Issue 68

March 2003

  • (Revised and Updated for a Poor Economy)Can money buy happiness? (You'd be surprised!) What is the measure of true wealth? (Hint: Don't look at your brokerage statement.) Why do so many people with high incomes have such limited assets? (Check out your garage...and your pool...and those vacation bills.) A values-driven guide to mastering the Money Issue.

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  • John Sperling was born dirt-poor, fell in with Communists, and became a union organizer who led a strike that ended in disaster. Today, he runs the world's largest for-profit university -- and a company whose shares are defying gravity on Wall Street. So why do so many smart people say such terrible things about him? And why does he relish their attacks?

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  • Kerry Killinger and his colleagues at Washington Mutual Inc. don't model themselves after Citigroup or Bank of America. Instead, they look for inspiration to Wal-Mart, Target, and Southwest Airlines -- giant companies that somehow manage to keep costs low and service high and meet the needs of the middle class. The strategy is minting money -- and WaMu's share price is up more than 150% during the past three years.

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Next

  • Which Price is Right?

    It is an urgent question: How can we increase profits if we can't raise prices? The answer demands revolutionary thinking -- new insights about strategy and human behavior, turbocharged with software, mathematics, and rapid-fire experimentation. Is your company ready to master the new era of pricing? Are you prepared to pay the price of failure?

  • Would You Like a Mortgage With Your Mocha?

    Who says banking has to be dull? Not the executives at ING Direct, who are banking on powerful technology and clever marketing to make a radical change in an industry that needs it. The result: In less than three years, they've attracted more than a million customers and $10 billion in assets. And they serve a pretty mean cappuccino.

  • Index to Advertisers

    Interact with the companies whose products and services are advertised in Fast Company.

  • In The Hot Seat

    Who: Tom CampbellTitle: Dean, Haas School of Business, University of California at Berkeley Where: Berkeley, CaliforniaChallenge: Bring his school into the top five.

  • People of Plenty

    The American dream says that anyone can be rich. But the real question is, Are you keeping up with the Joneses?

  • Where Are The Jobs?

    Want to know where the jobs are? Go to where the résumés are: the small-town home of Monster, "the world's largest formal medium for businesses and individuals to connect," as founder and chairman Jeff Taylor would have it. Beyond being a job-finding service, the company also nurtures an analytical side within the enormous renovated mill that serves as its office. Monster Data Intelligence, or MDI, was created in 2001 to collect and analyze every click of the site's 1.5 million daily job seekers and 15 million unique monthly visitors. So where are the jobs?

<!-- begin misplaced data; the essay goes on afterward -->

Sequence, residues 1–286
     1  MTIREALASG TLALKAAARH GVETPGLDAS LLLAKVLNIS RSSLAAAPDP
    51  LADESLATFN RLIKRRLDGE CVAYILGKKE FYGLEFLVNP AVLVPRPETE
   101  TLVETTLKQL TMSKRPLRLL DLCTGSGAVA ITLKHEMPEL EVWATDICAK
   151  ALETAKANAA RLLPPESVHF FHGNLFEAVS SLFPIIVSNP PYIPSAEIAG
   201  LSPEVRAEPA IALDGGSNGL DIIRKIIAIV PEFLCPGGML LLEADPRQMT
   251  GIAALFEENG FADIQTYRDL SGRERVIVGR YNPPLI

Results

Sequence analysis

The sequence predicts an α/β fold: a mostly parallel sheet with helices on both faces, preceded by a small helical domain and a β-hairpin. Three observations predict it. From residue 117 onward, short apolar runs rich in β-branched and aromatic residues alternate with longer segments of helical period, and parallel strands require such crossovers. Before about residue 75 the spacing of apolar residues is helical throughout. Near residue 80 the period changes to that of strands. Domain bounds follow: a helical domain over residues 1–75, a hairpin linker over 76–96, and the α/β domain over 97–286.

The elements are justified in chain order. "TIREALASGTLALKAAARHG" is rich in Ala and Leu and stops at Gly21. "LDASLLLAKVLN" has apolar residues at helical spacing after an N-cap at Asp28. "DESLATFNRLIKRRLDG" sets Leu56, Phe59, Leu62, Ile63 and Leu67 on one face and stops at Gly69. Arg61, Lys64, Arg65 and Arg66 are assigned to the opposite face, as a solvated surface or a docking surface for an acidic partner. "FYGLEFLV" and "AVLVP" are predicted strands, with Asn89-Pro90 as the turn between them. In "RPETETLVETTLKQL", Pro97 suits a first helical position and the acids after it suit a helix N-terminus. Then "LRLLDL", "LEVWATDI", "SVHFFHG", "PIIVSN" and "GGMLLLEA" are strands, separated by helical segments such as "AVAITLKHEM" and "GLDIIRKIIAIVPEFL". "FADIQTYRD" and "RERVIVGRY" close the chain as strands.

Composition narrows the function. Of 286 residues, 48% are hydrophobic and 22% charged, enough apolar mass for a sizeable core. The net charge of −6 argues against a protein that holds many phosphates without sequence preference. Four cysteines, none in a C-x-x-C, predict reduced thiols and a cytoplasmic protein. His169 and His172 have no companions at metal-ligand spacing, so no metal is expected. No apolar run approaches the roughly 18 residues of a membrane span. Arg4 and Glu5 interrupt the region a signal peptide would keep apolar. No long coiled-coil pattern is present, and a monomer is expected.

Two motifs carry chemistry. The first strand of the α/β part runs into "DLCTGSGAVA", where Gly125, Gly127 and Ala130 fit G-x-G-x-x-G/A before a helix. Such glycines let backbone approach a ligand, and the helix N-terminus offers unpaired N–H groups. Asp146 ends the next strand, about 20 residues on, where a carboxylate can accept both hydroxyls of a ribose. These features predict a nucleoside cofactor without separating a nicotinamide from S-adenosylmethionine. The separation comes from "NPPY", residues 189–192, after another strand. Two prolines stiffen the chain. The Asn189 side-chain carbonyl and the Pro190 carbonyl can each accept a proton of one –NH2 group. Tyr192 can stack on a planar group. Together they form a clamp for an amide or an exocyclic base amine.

Columns

  • Who Is the Unlikely Winner of the Wi-Fi Revolution?

    The quickest way to business success is to identify an underserved constituency or market and provide it with products that are satisfying, convenient, or necessary. BlackBerry was Research In Motion Ltd.'s solution for people who felt that they needed constant access to their email. Voice mail was Octel's response to telephone tag. Starbucks answered the question, "Where can I get a good cup of coffee?"

  • The Five Most Powerful Ways to Annoy Others

    I never got to touch it, but I once saw Michael Korda's "power phone." It looked like a dainty little instrument perched all by its lonesome on a bare modern desk. What made it powerful, Korda insisted in his classic 1980s-era best-seller Power!: How to Get It, How to Use It (Random House, 1975) -- the book that codified the symbols of power for the next two decades -- is that while typical executives had a dozen buzzing lines, he had only one. It rarely rang, because only the chosen could get through. It was a symbol, which is the most powerful accoutrement of all.

From the Editor

  • The Money Issue

    Welcome to our first-ever (and first annual) Money Issue. Don't worry, we haven't been possessed by the spirit of Malcolm Forbes. What you won't find in this issue are the utterly predictable (and totally unreliable) gimmicks that most business magazines trot out whenever they address money and investing: "The 25 hottest mutual funds for 2003!" "The 10 best stocks right now!" "How to retire before you turn 40!" If achieving success and financial security were that easy, many of us wouldn't be feeling so insecure these days.

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